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With mournful voice, ever croaking low,
"Sing, happy birds!" says the old gray crow.

"Blest little birds! sing, for you may,
You do not die from home far away!"


When Mr. Hargreaves rode into Sydney
with a small piece of gold and quartz-rock
in his pocket, he could scarcely have
understood that he carried with him that which
would not only change the destinies of the
great Australian continent, but likewise effect
to a large extent a revolution in the commercial
relations of the whole civilised world.
And when, on the first of May eighteen
hundred and fifty-onethe very day on
which our Great Exhibition in Hyde Park
was openedthe Governor of New South
Wales penned his official sanction to the gold
explorer's further labours, neither of them
can have pictured a tithe of the mighty
results which were destined to originate from
that one epistle

"What great events from trifling causes spring!"

Few things of moment have had more
insignificant beginnings than the screw
propeller for steam-ships; and few inventions
are destined lo produce more important
benefits, more especially in connection with the
great gold results which have sprung from
Mr. Hargreaves's trifling nugget. The
Australians can no more get on without the
potent aid of the screw, than they can do without
cradles, dampers, wide-awakes, Guernsey
shirts, and patent revolvers. The screw will
bring them within a fifty-five days' run of
home. The screw will drive their gold to the
markets of Europe more safely and
expeditiously than any other propeller. The screw
will enable their "made men" to reach the
mother courtry without a gale or a fit of
sea-sickness, by cheating both the much
dreaded Capes. The screw is, in fact, the
Australians' "coming machine."

Many of the most valuable scientific
improvements have been brought to light by
unexpected agencies. Amongst the hundred
and fifty patents which have been taken out
for various applications of the screw
propeller, may be found, in addition to the
names of engineers, machinists, ship-builders,
and other professional men, those of
ropemakers, farmers, printers, wharfingers,
merchants, soldiers, and noblemen; and it is
an undoubted fact that the most valuable
additions made to our stores of
screw-knowledge, have come from men uneducated
for, and unconnected with, any branch of
practical engineering. Whilst machinists and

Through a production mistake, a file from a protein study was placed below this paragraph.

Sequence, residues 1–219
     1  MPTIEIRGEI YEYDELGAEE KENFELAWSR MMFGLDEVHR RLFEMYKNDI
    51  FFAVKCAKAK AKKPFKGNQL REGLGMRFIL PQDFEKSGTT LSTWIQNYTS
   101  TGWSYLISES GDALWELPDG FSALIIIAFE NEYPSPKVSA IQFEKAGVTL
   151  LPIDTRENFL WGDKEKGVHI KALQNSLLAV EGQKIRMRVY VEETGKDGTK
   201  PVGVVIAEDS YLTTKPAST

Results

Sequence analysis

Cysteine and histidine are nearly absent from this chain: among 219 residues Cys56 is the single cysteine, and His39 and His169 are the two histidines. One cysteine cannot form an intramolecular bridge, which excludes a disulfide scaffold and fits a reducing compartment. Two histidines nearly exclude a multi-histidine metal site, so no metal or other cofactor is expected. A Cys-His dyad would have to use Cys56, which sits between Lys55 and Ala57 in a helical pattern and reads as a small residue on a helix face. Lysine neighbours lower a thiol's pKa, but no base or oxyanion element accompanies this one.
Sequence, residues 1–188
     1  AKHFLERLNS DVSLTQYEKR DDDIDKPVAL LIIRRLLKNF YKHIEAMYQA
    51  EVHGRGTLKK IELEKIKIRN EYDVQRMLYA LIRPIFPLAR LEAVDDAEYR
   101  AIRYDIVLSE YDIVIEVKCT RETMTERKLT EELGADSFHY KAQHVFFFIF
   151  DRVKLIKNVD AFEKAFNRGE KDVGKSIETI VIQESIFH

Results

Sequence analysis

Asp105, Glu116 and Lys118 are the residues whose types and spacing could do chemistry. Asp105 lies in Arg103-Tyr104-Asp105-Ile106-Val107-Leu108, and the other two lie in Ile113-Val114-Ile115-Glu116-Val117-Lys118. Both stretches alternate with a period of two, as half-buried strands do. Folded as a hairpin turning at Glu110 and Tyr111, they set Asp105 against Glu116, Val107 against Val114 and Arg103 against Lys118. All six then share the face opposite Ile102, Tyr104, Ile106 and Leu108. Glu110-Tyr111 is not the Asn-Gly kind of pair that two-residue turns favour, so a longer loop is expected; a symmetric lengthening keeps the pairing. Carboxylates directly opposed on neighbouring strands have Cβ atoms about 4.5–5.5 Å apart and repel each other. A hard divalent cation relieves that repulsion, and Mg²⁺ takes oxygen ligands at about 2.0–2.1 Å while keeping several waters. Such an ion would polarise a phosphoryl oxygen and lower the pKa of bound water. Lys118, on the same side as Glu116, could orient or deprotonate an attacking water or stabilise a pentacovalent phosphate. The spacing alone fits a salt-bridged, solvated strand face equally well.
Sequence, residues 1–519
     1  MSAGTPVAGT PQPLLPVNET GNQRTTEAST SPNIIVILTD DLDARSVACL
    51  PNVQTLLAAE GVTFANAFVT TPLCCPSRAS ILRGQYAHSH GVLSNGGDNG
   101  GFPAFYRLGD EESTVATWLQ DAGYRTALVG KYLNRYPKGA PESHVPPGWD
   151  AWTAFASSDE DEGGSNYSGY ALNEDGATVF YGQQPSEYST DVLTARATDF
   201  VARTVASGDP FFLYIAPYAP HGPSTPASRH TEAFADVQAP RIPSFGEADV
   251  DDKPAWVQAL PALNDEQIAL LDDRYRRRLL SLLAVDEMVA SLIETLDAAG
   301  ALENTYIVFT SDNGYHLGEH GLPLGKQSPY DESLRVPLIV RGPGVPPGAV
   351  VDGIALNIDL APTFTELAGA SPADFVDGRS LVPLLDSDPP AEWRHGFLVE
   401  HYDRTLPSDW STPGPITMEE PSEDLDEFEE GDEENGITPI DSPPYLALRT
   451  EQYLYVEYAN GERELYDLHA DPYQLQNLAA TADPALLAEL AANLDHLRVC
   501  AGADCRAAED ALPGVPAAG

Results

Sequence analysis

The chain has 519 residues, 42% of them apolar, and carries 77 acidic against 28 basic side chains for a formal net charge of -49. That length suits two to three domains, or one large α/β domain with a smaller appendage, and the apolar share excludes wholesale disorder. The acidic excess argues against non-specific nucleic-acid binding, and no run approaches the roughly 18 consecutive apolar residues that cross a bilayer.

civil engineers had for fifty years failed to
contrive any really practical adaptation of the
screw for propulsion, the laurels of screw
science were won, first in seventeen hundred
and ninety-four by a merchant, and since,
in eighteen hundred and thirty-six, jointly by
an English farmer and a Swedish military

The first attempt at screw propelling, which
in any degree realised its object, was that of
Mr. Lyttleton, a merchant of Goodman's Fields.
It was, however, too rude and inefficient for
practical purposes, and was laid aside with
scores of other useless projects which saw
the light between that period and the year
eighteen hundred and thirty-six. One single
exception to this array of failures is to be
found in the improvement of a Mr. Cummerow,
also a merchant of London; who, in
eighteen hundred and twenty-nine, placed the
screw between the stern of the ship and the
rudder-post, a principle which has been since
adhered to.

Early in the spring of eighteen hundred
and thirty-six, Mr. J, P. Smith, a farmer of
Hendon, obtained a patent for a new screw
propeller; and so well did he succeed in
working his first little model exhibited at
the Adelaide Gallery, that he obtained
assistance which enabled him to build and
fit up a small vessel of six tons. During the
month of November of the following year,
the screw-propelling farmer ventured out to
sea in his toy-ship; and proceeded boldly
down Channel, making excellent progress
through a stormy sea, and dead against the
wind. So complete was the triumph of the
screw, that all the scientific world were
convinced; and even the Admiralty found ears
to listen. A larger vessel was consequently
built, in which many of the naval authorities
made experimental trips to sea and round
the English coast; with such success, that
eventually Government formally adopted the
new propeller, and laid down the Rattler of
eight hundred and eighty-eight tons, to be
fitted with engines and a powerful and
improved screw. By this time an accident
which happened to the first wooden model,
demonstrated that a short screw, with narrow
fans, was better than a long screw with
broad fans; and the iron screw made for the
Rattler was of a double thread, but of only
one-sixth of a convolution. A year or two
later, the principle was so completely
established in the royal dockyards, that twenty
ships of war were fitted with auxiliary

While Smith had been thus active, Ericsson,
a Swedish officer, had also laid before
the authorities a screw of a novel construction;
but, however well this may have
been worked experimentally, the Government
were not at that time disposed to think
favourably of the new propeller, and Ericsson
carried his patent to the United States,
where he also improved on Stirling's hot air
engine, but only with partial success. The
latest and most valuable advance in the
construction of screw propellers, is that made by
Mr. Griffiths: whichby a modification of
the breadth of each section of the curved

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